## Inverse typechecker and theorem proving in intuitionistic and classical logics

Another cool demonstration from Oleg:

I'd like to point out a different take on Djinn:

http://cvs.sourceforge.net/viewcvs.py/kanren/kanren/mini/logic.scm

The first defines the Hindley-Milner typechecking relation for a
language with polymorphic let, sums and products. We use the Scheme
notation for the source language (as explained at the beginning of the
first file); ML or Haskell-like notations are straightforward. The
notation for type terms is infix, with the right-associative arrow.

The typechecking relation relates a term and its type: given a term we
obtain its type. The relation is pure and so it can work in reverse: given a type, we can obtain terms that have this type. Or, we can give a term with blanks and a type with blanks, and ask the relation to fill in the blanks.

As an example, the end of the file type-inference.scm shows the derivation for the terms call/cc, shift and reset from their types in the continuation monad. Given the type

(((a -> . ,(cont 'b 'r)) -> . ,(cont 'b 'b)) -> . ,(cont 'a 'b))

we get the expression for shift:

   (lambda (_.0) (lambda (_.1)
((_.0 (lambda (_.2) (lambda (_.3) (_.3 (_.1 _.2)))))
(lambda (_.4) _.4))))


It took only 2 milli-seconds.

More interesting is using the typechecker for proving theorems in
intuitionistic logic: see logic.scm. We formulate the proposition in types, for example:

  (,(neg '(a * b)) -> . ,(neg (neg (,(neg 'a) + ,(neg 'b)))))

This is one direction of the deMorgan law. In intuitionistic logic,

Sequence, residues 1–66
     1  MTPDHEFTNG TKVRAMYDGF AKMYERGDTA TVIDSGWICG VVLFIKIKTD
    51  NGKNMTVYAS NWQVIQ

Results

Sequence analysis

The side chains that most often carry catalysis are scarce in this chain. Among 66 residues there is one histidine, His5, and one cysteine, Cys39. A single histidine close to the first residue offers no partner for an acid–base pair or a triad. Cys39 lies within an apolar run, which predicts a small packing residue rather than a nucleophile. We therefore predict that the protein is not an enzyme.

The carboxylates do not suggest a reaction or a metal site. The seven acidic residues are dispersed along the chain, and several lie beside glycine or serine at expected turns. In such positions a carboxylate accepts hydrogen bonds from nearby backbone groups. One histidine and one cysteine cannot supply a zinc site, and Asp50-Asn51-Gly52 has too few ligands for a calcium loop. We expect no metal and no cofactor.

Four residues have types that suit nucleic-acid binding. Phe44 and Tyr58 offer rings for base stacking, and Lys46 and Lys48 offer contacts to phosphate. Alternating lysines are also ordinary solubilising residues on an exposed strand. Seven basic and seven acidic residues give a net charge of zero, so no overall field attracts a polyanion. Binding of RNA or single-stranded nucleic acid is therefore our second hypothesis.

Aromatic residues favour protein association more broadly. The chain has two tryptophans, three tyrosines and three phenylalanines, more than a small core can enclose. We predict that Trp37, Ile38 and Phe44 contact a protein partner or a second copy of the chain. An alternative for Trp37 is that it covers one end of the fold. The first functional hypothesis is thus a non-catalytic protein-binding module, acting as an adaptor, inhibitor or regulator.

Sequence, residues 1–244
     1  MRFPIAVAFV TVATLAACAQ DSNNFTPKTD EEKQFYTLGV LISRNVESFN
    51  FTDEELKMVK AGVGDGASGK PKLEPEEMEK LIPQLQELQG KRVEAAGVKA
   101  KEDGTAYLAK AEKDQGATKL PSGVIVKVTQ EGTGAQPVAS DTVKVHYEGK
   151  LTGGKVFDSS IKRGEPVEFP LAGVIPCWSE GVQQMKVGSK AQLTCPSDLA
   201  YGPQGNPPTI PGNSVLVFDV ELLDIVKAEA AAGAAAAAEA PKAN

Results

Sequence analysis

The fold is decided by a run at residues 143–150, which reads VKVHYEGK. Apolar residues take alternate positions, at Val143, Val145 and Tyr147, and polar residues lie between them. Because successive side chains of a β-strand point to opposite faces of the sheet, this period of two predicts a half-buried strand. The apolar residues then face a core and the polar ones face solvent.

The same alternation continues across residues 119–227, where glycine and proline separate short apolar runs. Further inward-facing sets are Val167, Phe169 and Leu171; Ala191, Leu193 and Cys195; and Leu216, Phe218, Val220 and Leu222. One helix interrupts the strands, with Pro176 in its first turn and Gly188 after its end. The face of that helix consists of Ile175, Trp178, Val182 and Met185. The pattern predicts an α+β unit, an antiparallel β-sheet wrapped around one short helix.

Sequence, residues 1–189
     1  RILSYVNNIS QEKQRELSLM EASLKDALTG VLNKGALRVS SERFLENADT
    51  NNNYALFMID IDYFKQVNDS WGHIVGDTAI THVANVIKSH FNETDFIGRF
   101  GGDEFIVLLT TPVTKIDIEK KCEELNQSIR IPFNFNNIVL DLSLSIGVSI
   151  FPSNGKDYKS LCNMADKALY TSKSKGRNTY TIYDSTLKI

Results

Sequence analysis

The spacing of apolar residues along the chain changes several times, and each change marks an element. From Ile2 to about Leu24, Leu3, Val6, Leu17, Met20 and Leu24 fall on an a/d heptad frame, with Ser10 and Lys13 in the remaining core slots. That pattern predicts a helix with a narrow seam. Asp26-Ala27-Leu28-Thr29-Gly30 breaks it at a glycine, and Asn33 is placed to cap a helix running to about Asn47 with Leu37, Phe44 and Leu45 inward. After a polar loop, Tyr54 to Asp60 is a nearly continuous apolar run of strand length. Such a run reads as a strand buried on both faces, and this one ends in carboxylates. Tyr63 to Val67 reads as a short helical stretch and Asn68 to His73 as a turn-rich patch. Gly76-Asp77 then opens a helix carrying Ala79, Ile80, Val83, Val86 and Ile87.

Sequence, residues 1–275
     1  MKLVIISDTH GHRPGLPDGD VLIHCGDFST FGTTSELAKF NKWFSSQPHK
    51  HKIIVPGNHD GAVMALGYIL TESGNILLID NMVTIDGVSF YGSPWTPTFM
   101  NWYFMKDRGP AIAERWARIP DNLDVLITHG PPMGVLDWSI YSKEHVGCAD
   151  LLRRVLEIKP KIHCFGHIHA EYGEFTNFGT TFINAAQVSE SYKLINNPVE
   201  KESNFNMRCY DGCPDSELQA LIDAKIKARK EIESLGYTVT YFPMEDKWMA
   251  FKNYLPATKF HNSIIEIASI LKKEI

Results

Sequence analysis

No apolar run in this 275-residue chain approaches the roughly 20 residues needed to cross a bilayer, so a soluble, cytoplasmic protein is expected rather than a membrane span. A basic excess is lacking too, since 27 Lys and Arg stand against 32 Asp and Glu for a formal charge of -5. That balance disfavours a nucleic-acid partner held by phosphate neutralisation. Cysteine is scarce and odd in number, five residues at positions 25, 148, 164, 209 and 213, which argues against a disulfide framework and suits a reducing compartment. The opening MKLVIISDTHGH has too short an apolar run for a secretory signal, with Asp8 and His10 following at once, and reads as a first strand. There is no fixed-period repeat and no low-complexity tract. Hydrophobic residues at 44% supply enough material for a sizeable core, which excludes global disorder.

deMorgan law is more involved:

	NOT (A & B) == NOTNOT (NOT A | NOT B)

The system gives us the corresponding term, the proof:

(lambda (_.0)
(lambda (_.1)
(_.1 (inl (lambda (_.2)
(_.1 (inr (lambda (_.3) (_.0 (cons _.2 _.3))))))))))


The de-typechecker can also prove theorems in classical logic,
via double-negation (aka CPS) translation. The second part of
logic.scm demonstrates that. We can formulate a proposition:

(neg (neg (,(neg 'a) + ,(neg (neg 'a)))))

and get a (non-trivial) term

	(lambda (_.0) (_.0 (inr (lambda (_.1) (_.0 (inl _.1))))))

It took only 403 ms. The proposition is the statement of the Law of
Excluded Middle, in the double-negative translation.

So, programming languages can help in the study of logic.

## Comment viewing options

### Oleg here uses Mini-Kanren,

Oleg here uses Mini-Kanren, the LP system for Scheme that accompanies The Reasoned Schemer. This book and system are worth checking out; besides being extremely educational, I'm finding the system easy and useful. Plus, since it's so simple and small (+/- 100 lines!), it's a snap to tinker with the interior.

I built a type inference example similar to the one Oleg presents up there (but not as good) in half a day, as a proof of concept.

Plus, one final thing: Scheme is the ideal language to do type inference, because there are none of those stupid types to get in the way.

### Right

I should have mentioned that this is based on Kanren. TRS was discussed here at length.

### Actually...

Actually, I just wanted to get in on the Reasoned Schemer love-fest, since I missed it the first time 'round.

### Or, just use Coq

This:
 Definition cont (a r : Set) := (a->r)->r.

 Lemma shift : forall (a b r : Set), ((a -> (cont b r))->(cont b b)) -> (cont a b). firstorder. Qed. 

Extraction shift. 
yields
 let shift h h0 = h (fun h1 h2 -> h2 (h0 h1)) (fun h1 -> h1)